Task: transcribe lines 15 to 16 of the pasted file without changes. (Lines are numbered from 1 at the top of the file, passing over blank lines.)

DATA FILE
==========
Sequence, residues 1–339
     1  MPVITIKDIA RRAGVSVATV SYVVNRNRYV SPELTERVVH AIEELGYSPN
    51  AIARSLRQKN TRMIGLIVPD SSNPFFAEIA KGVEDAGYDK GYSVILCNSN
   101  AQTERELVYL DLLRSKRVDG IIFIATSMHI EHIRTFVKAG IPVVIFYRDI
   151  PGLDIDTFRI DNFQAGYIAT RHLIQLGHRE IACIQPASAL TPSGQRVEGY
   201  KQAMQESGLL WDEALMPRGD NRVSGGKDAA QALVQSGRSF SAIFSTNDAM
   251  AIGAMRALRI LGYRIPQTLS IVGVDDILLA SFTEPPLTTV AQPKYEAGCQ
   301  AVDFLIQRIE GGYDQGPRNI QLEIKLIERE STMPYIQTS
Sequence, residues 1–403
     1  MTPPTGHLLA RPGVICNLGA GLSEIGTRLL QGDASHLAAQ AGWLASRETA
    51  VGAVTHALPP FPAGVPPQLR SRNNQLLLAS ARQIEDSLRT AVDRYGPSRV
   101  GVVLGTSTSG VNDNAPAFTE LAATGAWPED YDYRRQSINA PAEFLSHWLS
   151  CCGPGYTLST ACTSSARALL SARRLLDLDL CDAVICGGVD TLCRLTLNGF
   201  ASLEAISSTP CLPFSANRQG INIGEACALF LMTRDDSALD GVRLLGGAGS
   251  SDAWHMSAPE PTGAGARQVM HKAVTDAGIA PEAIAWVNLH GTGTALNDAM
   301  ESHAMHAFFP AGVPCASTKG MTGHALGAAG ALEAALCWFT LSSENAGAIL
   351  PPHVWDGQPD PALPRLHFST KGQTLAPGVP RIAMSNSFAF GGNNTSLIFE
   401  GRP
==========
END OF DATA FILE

   251  SDAWHMSAPE PTGAGARQVM HKAVTDAGIA PEAIAWVNLH GTGTALNDAM
   301  ESHAMHAFFP AGVPCASTKG MTGHALGAAG ALEAALCWFT LSSENAGAIL